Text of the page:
Posted by: newperspectives85 | January 6, 2012

An Intro to Fundamentalism 1.6.12

What is fundamentalism?

–any reliigous orthodoxy that is revivalist and ultraconservative in nature.
–originally designated an American Christian movement after a set of volumes–The Fundamentals: A Testimony of the Truth–published between 1910 and 1915 and embraced both absolute religious orthodoxy and a commitment to inject its beliefs into political and social arenas.
–a generic description for all religious movements that seek to regain and publicly institutionalize traditional social and cultural values that are usually rooted in the teachings of a sacred text or written dogma
–can be found in every dominant religion wherever a western-style society has developed
(i.e Islam, Hinduism, Judaism, Sikhims, Buddhism, Confucianism, and Zoroastrianism
–a reaction to the modern world; a coping mechanism (a not so great one) to counteract an already changing society that is denounced as trying to erase the true faith and traditional religious values
–places a high priority on doctrinal conformity and its necessity to achieve salvation (problem: intolerance as a result)
–Fundamentalists feel there is no need to discuss it or argue it in open forum.
–To some observers, fundamentalism is by nature undemocratic and states controlled by fundamentalist regimes combining politics and religion of necessity stifle debate and punish dissent
–Example: Islam
—-it is claimed that “all Muslims believe in the absolute inerrancy of the Quran…” (The Islamic Herald, April 1995)
—-Several countries (i.e Islamic Republic of Iran and Islamic Republic of Pakistan) proclaim by official name their administrative commitment to religious control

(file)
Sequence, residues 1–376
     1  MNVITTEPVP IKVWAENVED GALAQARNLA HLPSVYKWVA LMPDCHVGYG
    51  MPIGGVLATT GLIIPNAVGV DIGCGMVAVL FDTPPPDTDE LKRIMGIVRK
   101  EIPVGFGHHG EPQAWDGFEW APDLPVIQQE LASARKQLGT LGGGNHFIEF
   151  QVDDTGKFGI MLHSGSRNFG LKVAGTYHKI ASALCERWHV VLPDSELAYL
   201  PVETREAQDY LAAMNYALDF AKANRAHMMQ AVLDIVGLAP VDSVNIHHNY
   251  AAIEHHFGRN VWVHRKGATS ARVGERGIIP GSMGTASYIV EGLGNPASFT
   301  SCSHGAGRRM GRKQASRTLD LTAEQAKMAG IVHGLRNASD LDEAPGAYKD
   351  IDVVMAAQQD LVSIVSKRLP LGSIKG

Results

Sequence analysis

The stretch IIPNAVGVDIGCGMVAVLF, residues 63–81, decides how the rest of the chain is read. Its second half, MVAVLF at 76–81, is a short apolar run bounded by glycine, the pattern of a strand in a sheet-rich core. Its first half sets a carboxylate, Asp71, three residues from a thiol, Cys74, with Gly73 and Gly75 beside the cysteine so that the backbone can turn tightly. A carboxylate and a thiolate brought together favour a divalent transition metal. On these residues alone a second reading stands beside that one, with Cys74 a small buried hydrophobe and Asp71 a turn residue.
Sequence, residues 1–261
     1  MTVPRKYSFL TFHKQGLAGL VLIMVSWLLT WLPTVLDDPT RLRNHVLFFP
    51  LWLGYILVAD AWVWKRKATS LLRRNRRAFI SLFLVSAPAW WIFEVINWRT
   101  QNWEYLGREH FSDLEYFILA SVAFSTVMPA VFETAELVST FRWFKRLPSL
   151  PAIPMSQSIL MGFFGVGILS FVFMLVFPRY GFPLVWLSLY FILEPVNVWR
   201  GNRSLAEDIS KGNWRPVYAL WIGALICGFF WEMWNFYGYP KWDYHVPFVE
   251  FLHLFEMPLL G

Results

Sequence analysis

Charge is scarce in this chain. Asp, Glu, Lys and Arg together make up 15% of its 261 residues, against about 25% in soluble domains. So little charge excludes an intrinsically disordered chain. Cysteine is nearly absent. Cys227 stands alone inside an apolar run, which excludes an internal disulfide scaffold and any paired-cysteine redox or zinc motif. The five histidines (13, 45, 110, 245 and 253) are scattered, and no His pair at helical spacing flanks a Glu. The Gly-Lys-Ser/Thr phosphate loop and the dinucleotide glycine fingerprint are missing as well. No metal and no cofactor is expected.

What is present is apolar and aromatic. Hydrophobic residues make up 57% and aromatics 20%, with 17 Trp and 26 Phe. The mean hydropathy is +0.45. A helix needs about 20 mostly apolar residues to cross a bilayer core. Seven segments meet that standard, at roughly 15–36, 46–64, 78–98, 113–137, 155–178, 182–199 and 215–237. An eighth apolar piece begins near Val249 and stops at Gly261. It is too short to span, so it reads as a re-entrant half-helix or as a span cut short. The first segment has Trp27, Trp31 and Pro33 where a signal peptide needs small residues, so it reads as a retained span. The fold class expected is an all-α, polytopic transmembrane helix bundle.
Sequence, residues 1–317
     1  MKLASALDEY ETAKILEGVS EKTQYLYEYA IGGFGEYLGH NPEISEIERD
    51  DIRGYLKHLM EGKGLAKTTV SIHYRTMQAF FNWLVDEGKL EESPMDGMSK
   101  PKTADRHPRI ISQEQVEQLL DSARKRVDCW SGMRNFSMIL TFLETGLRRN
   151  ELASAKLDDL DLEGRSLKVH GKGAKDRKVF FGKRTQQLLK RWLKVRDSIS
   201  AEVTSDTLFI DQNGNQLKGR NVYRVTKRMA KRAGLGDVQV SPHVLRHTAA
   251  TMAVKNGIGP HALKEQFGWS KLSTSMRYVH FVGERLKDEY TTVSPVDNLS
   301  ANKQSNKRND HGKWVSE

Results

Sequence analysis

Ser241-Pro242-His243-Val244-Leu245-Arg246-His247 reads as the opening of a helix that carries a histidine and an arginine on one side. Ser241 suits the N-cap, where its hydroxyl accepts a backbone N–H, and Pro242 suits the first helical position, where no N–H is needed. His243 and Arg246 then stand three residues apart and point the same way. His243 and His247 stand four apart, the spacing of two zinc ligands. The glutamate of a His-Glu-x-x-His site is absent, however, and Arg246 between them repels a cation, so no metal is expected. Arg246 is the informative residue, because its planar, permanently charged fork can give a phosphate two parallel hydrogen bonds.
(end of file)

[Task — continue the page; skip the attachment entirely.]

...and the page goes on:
–Fundamentalists believe they and their religious convictions are under mortal threat
–They see modern secular society–with its assumption of equality of competing voices and values–as trying to eradicate the true faith and religious varieties.
–Every fundamentalist movement begins as an intra-religious struggle directed against its own religionists and countrymen in response to a felt assault by the liberal or secular soceity they inhabit.
–The group may blame its own weakness and irresolution for oppression they feel and the general social decay they perceive. To restore society to its idealized standards, the aroused group may exhort its followers to ardent prayer, ascetic practices, and physical or military training.
–If unable to peacefully to impose its beliefs on others, the fundamentalist group–seeing itself as the savior of society–may justify more extreme actions against perceived oppressors
–When an external culture or power is seen as the unquestioned source of pollution and exploitation frustrating social vision, some fundamentalists have been able to justify any extreme action and personal sacrifice for the cause.
–In their struggle, it appears an easy progression from domestic dispute and disruption to international terrorism.

Source: Getis, Getis, Fellmann. 2004. Introduction to Geography. Ninth Edition. New York: McGraw Hill Higher Education

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Responses

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  2. You are my aspiration, I own few web logs and occasionally run out from brand :). “Follow your inclinations with due regard to the policeman round the corner.” by W. Somerset Maugham.


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